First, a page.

• When I was seventeen, I started getting invited to speak at conservative rallies and conferences as a rising star for the new TEA Party movement that was sweeping the nation’s politics.
  • At eighteen, I moved to northern Virginia for my first full-time job at a consulting firm raising money for major Republican organizations and campaigns.
  • At nineteen, I earned my Bachelor’s degree and went to a conservative Christian law school on a full-ride scholarship and worked as a legal advocate for theocratic values.

I’ve seen exactly what’s on the inside of the religious right because I was there. I know exactly what they want to accomplish in this country because I helped them implement it. I have felt the fire to take dominion over this wicked world in the name of Christ because that fire burned in my heart.

How does a person escape this black hole of cognitive dissonance and self-reinforcement? How can you teach yourself to doubt, to question and ultimately to look your own identity in the face and say I was wrong?

Seeing through the propaganda wasn’t so simple. The process of reorganizing everything you think you know and eliminating the many, many things you believe when you discover they are false was a very long and gradual process. It’s hard to pinpoint a moment when the doubts began, but in many ways it began in the very core of who I always was: a questioner.

I was raised to examine everything in light of the Scriptures to see if the things people taught me were accurate. Sooner or later, that core principle had to take the next leap to examine the Scriptures themselves to see if the Bible was true. And so I did.

I visited churches of different Christian denominations in search of some core version of Christianity from which I could amputate all the baggage I had grown to doubt, and eventually explored the services of other religions entirely.

I dropped out of my part-time seminary program to shift that academic energy into philosophy, from Thales of Miletus on up through Bertrand Russell. I explored the great thinkers of the world’s intellectual history and quickly found myself discovering real science, which I continue learning as I become aware of how much my creationist education missed the mark.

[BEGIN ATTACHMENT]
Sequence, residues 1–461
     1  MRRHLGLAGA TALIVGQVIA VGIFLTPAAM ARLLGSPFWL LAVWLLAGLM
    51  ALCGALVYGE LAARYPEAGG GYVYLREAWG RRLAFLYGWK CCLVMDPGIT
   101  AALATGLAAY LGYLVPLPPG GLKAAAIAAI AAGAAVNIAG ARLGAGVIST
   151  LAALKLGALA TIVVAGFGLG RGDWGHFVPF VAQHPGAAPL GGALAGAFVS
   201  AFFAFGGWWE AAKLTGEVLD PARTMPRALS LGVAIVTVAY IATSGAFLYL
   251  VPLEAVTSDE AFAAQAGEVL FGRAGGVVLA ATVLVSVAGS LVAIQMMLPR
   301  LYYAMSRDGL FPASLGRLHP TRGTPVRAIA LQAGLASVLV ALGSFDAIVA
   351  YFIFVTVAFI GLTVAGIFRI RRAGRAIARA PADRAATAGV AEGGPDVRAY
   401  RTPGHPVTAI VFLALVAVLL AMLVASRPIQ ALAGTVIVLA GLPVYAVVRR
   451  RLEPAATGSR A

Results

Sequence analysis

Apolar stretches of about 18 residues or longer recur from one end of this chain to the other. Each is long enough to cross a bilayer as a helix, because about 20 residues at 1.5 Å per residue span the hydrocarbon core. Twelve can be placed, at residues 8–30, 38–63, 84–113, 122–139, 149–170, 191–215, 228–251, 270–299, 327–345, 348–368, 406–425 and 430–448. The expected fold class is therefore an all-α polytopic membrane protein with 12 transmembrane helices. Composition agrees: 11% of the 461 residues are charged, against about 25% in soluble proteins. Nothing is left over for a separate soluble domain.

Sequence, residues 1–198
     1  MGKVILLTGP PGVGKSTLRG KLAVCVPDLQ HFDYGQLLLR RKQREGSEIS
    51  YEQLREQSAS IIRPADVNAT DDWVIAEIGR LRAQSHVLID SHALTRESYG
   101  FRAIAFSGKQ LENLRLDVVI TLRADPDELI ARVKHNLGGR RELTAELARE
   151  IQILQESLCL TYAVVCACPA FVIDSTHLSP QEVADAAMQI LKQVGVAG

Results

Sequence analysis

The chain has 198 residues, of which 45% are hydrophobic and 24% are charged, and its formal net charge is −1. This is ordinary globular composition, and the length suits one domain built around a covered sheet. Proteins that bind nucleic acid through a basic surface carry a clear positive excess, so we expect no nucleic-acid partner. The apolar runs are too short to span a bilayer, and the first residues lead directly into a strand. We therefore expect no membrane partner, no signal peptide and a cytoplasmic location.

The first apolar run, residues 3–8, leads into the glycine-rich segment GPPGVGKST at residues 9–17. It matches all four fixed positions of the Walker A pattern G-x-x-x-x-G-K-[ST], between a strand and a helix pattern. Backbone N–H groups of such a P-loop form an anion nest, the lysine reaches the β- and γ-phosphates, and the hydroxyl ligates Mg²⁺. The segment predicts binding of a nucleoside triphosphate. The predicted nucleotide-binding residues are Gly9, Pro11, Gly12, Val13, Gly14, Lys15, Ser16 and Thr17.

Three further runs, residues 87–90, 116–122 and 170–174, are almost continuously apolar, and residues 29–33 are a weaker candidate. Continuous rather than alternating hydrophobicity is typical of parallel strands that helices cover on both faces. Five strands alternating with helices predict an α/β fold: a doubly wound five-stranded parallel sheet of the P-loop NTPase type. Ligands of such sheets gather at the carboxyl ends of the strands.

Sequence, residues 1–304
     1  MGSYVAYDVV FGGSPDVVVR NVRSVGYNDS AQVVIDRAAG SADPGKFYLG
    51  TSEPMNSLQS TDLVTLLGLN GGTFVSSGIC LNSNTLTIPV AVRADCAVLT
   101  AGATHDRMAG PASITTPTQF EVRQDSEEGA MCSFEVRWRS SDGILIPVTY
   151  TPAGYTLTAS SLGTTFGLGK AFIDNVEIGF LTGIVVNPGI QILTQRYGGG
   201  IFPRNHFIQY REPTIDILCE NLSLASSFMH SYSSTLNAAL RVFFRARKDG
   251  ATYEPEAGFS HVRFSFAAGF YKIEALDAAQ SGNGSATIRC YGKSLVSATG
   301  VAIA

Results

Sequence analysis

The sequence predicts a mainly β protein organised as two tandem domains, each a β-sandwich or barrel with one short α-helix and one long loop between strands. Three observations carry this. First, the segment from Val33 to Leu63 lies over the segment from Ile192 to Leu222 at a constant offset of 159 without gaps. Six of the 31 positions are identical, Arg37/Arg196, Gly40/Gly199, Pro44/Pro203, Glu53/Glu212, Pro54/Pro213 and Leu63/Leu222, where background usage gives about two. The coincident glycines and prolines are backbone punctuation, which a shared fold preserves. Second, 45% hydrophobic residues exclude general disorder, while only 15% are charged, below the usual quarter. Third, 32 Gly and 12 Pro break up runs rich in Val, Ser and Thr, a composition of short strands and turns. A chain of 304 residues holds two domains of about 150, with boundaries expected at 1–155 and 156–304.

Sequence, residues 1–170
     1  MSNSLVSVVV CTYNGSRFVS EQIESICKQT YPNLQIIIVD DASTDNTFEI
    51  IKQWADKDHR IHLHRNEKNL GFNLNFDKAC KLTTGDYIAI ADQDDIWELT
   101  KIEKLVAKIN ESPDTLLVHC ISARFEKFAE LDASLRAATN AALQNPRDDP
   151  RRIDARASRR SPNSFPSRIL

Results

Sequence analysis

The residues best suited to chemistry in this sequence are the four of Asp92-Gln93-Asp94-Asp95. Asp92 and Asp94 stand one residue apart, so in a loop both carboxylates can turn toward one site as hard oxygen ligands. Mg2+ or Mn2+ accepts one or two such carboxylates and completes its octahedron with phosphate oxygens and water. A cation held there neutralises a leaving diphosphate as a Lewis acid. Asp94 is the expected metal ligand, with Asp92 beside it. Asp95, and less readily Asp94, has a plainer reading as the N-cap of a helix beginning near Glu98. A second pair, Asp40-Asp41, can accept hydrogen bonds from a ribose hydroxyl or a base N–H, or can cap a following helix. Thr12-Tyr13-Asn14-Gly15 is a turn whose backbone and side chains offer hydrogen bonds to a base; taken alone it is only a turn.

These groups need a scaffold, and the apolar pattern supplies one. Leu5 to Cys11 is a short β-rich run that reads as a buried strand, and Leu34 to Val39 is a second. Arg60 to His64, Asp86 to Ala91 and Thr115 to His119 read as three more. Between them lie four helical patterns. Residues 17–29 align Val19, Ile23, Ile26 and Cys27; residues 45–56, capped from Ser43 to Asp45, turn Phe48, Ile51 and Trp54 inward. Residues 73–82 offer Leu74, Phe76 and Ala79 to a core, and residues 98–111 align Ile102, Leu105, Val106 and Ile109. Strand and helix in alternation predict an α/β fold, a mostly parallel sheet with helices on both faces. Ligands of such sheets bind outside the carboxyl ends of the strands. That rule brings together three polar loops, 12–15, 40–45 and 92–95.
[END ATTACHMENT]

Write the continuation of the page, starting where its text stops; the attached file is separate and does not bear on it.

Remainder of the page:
All this left me living a troubling double life. On my own time, I taught myself science, philosophy and history in a way that brought the world around me into focus. While in my professional life, I was promoting a world that looked increasingly as though the enemies of the enlightenment that I worked for might just win some victories that would be hard to reverse.

In the summer of 2016, organized hatred and bigotry were so deafening that I couldn’t bear being an active part of it. My own sampling of comparative religions had left me cynical that any of them had “the one true” answer, or that such a search was even possible. My reading had taken me to Stephen Hawking and Richard Dawkins, the final nails in the coffin of my longtime struggle to hold onto faith. I finally snapped.

I was in a Chick-fil-a in central Texas where I was working for a Republican state house campaign. My fiancé was in S. Korea for the summer doing missions work, so I had very limited ability to discuss my journey with her in real time. I remember vividly the instrumental Christian music that the restaurant was playing, so cleverly that a non-believer needn’t be offended by the cultural tropes of Christianity, but a believer would immediately recognize them.  My head filled in the words to the songs, dredging up every memory I had of fundamentalist sermons, pseudo-scientific talking points and the thousands of King James Bible verses I had committed to memory.